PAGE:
Some time ago we were in Freebird Books, a gotta-check-it-out used bookstore on Columbia Street, not far from Brooklyn Bridge Park. While browsing there, I found and purchased a treasure: the “complete stories” by one of my favorite authors, Alistair MacLeod, published under the title “Island.”
A few months before I was saddened to read that MacLeod had passed away. It was at least fifteen years earlier that I’d first heard of MacLeod from my friend Ray Smith, who with his wife Joyce Carol Oates ran the powerfully good literary journal, Ontario Review, until his untimely death in 2008.
At that time I got a copy of “The Last Salt Gift of Blood” and was amazed with the quality of the stories. I am not alone in thinking this way. In fact, and Colm Toibin and Carmen Callil included MacLeod in their book “The Modern Library: The 200 Best Novels in English Since 1950. “Knowing that I could tell other readers about [MacLeod] was the high point of The Modern Library Project for me,” Toibin said.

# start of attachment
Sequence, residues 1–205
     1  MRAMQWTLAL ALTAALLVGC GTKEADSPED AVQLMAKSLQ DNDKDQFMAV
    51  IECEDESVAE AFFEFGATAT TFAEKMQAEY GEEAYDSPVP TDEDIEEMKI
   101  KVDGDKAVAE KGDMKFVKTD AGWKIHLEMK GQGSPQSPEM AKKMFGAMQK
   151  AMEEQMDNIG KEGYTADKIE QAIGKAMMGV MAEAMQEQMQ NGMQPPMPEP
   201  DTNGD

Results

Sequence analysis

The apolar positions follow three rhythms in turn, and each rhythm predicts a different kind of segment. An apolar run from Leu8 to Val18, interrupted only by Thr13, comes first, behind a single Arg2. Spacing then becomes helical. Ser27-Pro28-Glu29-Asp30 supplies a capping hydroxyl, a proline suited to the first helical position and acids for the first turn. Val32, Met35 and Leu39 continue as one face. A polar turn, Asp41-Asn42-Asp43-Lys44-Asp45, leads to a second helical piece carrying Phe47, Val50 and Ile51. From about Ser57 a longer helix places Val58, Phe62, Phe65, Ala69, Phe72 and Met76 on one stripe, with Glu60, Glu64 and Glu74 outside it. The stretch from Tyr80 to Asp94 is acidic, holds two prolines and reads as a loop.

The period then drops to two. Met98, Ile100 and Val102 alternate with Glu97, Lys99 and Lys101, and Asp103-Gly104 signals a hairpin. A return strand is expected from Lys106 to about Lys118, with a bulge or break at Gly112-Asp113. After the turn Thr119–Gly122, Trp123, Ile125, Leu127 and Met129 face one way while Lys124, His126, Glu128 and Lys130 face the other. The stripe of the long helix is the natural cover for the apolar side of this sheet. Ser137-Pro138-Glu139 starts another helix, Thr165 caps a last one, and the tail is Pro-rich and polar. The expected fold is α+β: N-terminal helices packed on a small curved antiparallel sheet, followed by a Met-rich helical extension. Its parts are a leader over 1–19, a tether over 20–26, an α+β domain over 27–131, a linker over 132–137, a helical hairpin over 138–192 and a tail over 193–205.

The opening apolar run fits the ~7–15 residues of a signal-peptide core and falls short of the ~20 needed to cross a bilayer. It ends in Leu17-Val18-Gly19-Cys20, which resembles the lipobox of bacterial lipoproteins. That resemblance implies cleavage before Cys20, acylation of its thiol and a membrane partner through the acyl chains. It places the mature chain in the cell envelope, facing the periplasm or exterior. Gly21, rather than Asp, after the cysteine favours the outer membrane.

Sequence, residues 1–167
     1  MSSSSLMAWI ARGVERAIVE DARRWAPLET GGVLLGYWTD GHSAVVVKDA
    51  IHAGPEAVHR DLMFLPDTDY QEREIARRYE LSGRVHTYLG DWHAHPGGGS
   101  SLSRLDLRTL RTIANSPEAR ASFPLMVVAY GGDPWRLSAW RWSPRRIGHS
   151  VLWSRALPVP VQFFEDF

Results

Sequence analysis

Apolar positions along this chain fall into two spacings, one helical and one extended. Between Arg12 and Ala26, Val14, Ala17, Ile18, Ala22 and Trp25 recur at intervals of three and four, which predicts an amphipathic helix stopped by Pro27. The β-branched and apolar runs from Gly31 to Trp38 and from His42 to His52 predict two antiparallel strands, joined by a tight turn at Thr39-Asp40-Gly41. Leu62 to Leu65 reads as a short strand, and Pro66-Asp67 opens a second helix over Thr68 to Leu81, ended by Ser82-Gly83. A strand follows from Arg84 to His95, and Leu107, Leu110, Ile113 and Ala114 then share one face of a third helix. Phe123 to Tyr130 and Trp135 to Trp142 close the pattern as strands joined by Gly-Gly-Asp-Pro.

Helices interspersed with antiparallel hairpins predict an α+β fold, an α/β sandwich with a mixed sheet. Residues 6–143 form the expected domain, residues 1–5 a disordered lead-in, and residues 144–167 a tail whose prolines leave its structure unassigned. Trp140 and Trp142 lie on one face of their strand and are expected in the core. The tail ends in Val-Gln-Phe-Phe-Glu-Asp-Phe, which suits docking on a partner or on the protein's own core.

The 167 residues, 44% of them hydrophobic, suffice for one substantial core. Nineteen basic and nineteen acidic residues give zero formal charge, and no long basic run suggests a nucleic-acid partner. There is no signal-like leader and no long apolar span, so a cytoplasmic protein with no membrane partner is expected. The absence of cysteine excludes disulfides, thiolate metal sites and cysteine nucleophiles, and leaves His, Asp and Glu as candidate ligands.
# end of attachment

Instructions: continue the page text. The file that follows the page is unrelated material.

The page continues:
What a gift MacLeod has at describing a boy’s regard of his father: the proud working man. Here’s a sample, from the story “The Vastness of the Dark” …
“As long as I can remember [Father] has finished dressing while walking, but he does not handle buttons or buckles so well since the dynamite stick at the little mine where he used to work ripped the first two fingers from his scarred right hand. Now the remaining fingers try to do what is expected of them: to hold, to button, to buckle, to adjust, but they do so with what seems a sort of groping uncertainty bordering on despair. As if they realized that there is now just too much for them to do, even though they try as best they can.”
Alastair MacLeod: definitely a great who is missed. Get thee to bookstore and find out for yourself.
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